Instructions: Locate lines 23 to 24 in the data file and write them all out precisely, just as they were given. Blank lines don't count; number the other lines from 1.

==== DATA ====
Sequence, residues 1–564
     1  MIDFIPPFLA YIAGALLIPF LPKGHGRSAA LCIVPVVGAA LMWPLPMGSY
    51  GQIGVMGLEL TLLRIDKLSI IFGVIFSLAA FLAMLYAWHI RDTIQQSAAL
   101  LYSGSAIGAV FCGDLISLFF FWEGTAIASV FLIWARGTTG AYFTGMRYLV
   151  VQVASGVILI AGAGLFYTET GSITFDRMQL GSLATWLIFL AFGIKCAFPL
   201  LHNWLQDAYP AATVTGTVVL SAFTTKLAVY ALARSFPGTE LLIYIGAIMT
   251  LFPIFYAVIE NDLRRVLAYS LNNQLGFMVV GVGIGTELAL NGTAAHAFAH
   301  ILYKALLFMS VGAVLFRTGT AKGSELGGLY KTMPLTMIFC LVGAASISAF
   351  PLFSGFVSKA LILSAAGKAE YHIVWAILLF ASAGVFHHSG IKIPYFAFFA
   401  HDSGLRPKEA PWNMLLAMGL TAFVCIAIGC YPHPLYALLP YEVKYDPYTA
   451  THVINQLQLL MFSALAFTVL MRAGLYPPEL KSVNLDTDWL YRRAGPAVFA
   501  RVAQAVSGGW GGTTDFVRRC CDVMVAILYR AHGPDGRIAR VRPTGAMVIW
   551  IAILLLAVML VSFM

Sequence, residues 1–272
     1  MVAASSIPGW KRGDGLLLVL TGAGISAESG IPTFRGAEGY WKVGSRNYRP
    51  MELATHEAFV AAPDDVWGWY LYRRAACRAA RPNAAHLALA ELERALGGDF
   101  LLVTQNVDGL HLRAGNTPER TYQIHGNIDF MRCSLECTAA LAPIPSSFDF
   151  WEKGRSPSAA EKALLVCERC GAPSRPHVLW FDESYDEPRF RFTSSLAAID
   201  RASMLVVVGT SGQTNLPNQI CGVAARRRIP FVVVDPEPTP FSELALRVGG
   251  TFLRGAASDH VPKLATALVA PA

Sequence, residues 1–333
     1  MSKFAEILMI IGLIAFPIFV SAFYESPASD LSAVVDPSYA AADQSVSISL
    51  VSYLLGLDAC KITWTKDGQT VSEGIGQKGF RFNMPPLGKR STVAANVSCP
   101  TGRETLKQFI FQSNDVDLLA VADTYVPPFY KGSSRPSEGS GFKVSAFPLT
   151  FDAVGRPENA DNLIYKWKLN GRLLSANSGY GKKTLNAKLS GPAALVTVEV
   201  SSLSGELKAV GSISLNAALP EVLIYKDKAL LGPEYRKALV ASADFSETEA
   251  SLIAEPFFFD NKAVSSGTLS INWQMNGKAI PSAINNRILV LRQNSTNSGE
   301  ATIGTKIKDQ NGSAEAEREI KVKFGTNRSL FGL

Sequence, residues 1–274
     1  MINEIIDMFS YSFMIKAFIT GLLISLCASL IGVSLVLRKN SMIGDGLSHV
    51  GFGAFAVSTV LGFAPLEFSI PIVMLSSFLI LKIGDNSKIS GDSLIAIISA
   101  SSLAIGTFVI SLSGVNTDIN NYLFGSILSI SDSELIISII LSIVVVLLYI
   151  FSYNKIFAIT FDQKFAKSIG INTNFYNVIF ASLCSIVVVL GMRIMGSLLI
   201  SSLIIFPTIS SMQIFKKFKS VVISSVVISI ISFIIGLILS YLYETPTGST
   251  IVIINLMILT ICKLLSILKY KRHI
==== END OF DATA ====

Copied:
    51  VSYLLGLDAC KITWTKDGQT VSEGIGQKGF RFNMPPLGKR STVAANVSCP
   101  TGRETLKQFI FQSNDVDLLA VADTYVPPFY KGSSRPSEGS GFKVSAFPLT